References: 1. Awe OO, Maltenfort MG, Prasad S, Harrop JS, Ratliff JK: Impact of total disc arthroplasty on the surgical management of lumbar degenerative disc disease: Analysis of the Nationwide Inpatient Sample from 2000 to 2008. Surg Neurol Int 2:139, 2011 2. Brewster DC, May AR, Darling RC, Abbott WM, Moncure AC: Variable manifestations of vascular injury during lumbar disk surgery. Arch Surg 114:1026-1030, 1979 3. Browne JA, Cook C, Pietrobon R, Bethel MA, Richardson WJ: Diabetes and early postoperative outcomes following lumbar fusion. Spine (Phila Pa 1976) 32:2214-2219, 2007 4. Carson JL, Carless PA, Hebert PC: Outcomes using lower vs higher hemoglobin thresholds for red blood cell transfusion. JAMA 309:83-84, 2013 5. Carson JL, Carless PA, Hebert PC: Transfusion thresholds and other strategies for guiding allogeneic red blood cell transfusion. Cochrane Database Syst Rev 4:CD002042, 2012 6. Carson JL, Grossman BJ, Kleinman S, Tinmouth AT, Marques MB, Fung MK, et al: Red blood cell transfusion: a clinical practice guideline from the AABB*. Ann Intern Med 157:49-58, 2012 7. Carson JL, Terrin ML, Noveck H, Sanders DW, Chaitman BR, Rhoads GG, et al: Liberal or restrictive transfusion in high-risk patients after hip surgery. N Engl J Med 365:2453-2462, 2011 8. Cassinelli EH, Eubanks J, Vogt M, Furey C, Yoo J, Bohlman HH: Risk factors for the development of perioperative complications in elderly patients undergoing lumbar decompression and arthrodesis for spinal stenosis: an analysis of 166 patients. Spine (Phila Pa 1976) 32:230-235, 2007 9. Hanouz JL, Bessodes A, Samba D, Gerard JL, Bricard H: Delayed diagnosis of vascular injuries during lumbar discectomy. J Clin Anesth 12:64-66, 2000 10. Horowitz E, Yogev Y, Ben-Haroush A, Rabinerson D, Feldberg D, Kaplan B: Routine hemoglobin testing following an elective Cesarean section: is it necessary? J Matern Fetal Neonatal Med 14:223-225, 2003 11. Inamasu J, Guiot BH: Vascular injury and complication in neurosurgical spine surgery. Acta Neurochir (Wien) 148:375-387, 2006 12. Kepler CK, Yu AL, Gruskay JA, Delasotta LA, Radcliff KE, Rihn JA, et al: Comparison of open and minimally invasive techniques for posterior lumbar instrumentation and fusion after open anterior lumbar interbody fusion. Spine J, 2012 13. Lenoir B, Merckx P, Paugam-Burtz C, Dauzac C, Agostini MM, Guigui P, et al: Individual probability of allogeneic erythrocyte transfusion in elective spine surgery: the predictive model of transfusion in spine surgery. Anesthesiology 110:1050-1060, 2009 14. Napolitano LM, Kurek S, Luchette FA, Anderson GL, Bard MR, Bromberg W, et al: Clinical practice guideline: red blood cell transfusion in adult trauma and critical care. J Trauma 67:1439-1442, 2009 15. Oskouian RJ, Jr., Johnson JP: Vascular complications in anterior thoracolumbar spinal reconstruction. J Neurosurg 96:1-5, 2002 16. Papadoulas S, Konstantinou D, Kourea HP, Kritikos N, Haftouras N, Tsolakis JA: Vascular injury complicating lumbar disc surgery. A systematic review. Eur J Vasc Endovasc Surg 24:189-195, 2002 17. Postacchini R, Cinotti G, Postacchini F: Injury to major abdominal vessels during posterior lumbar interbody fusion. A case report and review of the literature. Spine J 13:e7-e11, 2013 18. Regan JJ, Yuan H, McAfee PC: Laparoscopic fusion of the lumbar spine: minimally invasive spine surgery. A prospective multicenter study evaluating open and laparoscopic lumbar fusion. Spine (Phila Pa 1976) 24:402-411, 1999 19. Sandri A, Regis D, Marino MA, Puppini G, Bartolozzi P: Lumbar artery injury following posterior spinal instrumentation for scoliosis. Orthopedics 34, 2011 20. Skenderis BS, 2nd, Rodriguez-Bigas M, Weber TK, Petrelli NJ: Utility of routine postoperative laboratory studies in patients undergoing potentially curative resection for adenocarcinoma of the colon and rectum. Cancer Invest 17:102-109, 1999 21. Tan EW, Jain A, Hassanzadeh H, Bernard JA, Lemma MA: Role of hematologic laboratory studies in the postoperative management of patients undergoing anterior cervical diskectomy and fusion. Orthopedics 35:e917-921, 2012 22. Watkins R: Anterior lumbar interbody fusion surgical complications. Clin Orthop Relat Res:47-53, 1992 23. Weiner BK, Walker M, Fraser RD: Vascular anatomy anterior to lumbosacral transitional vertebrae and implications for anterior lumbar interbody fusion. Spine J 1:442-444, 2001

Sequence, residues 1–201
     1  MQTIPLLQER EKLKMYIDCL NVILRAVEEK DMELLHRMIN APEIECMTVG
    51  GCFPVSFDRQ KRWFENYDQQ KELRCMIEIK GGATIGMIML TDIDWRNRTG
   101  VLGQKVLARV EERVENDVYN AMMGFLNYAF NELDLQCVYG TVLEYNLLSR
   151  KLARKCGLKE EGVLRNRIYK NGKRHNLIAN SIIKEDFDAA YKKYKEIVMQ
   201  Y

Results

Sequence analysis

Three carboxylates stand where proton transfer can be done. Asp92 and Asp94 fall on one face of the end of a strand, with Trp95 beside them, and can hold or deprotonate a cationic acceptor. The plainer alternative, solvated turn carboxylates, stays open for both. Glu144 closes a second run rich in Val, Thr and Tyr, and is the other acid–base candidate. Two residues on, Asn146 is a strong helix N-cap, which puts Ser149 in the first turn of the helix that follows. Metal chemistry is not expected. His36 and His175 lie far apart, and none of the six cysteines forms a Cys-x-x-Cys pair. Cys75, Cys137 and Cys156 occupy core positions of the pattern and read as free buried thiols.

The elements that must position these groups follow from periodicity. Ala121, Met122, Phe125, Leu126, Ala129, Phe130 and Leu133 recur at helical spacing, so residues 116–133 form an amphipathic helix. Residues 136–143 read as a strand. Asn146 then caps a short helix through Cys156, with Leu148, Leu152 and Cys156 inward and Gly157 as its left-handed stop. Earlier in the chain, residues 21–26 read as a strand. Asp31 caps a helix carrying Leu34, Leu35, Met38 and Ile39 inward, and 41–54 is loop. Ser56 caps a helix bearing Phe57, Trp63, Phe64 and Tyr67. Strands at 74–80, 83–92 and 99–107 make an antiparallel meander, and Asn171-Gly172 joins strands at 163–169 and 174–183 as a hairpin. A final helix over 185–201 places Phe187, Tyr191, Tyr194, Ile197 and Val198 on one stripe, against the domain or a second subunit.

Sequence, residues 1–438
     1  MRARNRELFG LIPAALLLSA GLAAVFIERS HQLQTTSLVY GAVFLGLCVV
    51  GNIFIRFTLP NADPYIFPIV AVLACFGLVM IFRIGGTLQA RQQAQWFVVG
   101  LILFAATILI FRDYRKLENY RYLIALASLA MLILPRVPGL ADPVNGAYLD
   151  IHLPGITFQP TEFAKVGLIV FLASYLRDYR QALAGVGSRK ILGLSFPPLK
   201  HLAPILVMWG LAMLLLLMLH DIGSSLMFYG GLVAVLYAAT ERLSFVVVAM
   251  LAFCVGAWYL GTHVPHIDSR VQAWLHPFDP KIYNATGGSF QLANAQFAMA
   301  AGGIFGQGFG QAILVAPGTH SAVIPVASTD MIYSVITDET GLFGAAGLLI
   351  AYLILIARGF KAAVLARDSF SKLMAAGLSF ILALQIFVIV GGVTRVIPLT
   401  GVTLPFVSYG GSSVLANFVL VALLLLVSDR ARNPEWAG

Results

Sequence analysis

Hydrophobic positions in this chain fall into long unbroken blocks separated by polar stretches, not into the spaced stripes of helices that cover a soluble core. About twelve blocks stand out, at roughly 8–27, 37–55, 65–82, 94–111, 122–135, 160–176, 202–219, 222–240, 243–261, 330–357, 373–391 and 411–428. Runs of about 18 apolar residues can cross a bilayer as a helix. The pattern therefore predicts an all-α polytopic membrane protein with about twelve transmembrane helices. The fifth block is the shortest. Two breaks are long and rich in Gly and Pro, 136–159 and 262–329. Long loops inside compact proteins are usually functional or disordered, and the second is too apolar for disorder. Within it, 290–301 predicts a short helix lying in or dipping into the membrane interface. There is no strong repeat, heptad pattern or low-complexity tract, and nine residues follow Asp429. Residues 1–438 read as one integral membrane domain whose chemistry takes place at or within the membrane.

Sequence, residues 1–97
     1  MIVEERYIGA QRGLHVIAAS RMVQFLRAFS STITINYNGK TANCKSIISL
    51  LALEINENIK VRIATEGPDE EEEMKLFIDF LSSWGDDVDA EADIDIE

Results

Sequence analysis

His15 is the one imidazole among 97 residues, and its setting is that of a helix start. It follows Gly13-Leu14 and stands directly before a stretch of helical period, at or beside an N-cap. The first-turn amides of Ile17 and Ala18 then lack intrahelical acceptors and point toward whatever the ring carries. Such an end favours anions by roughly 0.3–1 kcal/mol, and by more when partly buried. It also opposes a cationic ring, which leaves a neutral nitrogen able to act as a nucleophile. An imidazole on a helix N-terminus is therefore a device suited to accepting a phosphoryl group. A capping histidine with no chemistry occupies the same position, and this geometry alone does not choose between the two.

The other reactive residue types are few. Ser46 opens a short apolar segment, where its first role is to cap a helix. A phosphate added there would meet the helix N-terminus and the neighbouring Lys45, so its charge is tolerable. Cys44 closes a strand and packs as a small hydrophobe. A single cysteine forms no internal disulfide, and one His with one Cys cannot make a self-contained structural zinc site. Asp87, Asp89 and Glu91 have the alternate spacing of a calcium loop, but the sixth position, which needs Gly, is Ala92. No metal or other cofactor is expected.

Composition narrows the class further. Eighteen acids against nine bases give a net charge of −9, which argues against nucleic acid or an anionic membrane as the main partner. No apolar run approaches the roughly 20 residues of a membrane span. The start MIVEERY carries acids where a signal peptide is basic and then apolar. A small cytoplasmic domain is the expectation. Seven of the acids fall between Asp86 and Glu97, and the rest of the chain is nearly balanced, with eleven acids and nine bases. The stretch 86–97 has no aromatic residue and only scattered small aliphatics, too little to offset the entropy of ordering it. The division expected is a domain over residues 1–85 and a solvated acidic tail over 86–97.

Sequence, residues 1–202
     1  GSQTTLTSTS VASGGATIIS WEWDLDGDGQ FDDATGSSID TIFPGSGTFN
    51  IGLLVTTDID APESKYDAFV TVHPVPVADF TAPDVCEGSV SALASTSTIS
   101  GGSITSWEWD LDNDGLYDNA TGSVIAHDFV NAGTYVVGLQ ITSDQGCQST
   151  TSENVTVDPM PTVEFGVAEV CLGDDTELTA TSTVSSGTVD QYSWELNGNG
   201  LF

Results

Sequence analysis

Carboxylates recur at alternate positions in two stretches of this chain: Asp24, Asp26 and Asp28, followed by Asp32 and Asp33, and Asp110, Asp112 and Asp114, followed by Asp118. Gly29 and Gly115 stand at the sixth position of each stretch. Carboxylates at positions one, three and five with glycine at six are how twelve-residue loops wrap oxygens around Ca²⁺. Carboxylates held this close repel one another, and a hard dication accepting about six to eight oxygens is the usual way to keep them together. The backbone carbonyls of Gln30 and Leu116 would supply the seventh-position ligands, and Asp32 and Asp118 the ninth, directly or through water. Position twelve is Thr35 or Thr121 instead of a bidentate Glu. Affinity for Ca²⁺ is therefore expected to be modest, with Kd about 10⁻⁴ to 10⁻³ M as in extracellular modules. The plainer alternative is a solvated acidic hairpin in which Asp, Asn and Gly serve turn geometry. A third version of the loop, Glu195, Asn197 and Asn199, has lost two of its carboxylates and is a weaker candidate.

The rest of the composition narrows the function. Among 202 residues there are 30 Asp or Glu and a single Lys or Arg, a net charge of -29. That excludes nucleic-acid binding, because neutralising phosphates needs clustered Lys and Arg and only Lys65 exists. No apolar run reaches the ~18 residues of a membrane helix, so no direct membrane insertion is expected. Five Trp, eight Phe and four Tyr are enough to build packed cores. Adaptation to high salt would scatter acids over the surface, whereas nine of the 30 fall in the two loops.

We use cookies to improve the performance of our site, to analyze the traffic to our site, and to personalize your experience of the site. You can control cookies through your browser settings. Please find more information on the cookies used on our site. Privacy Policy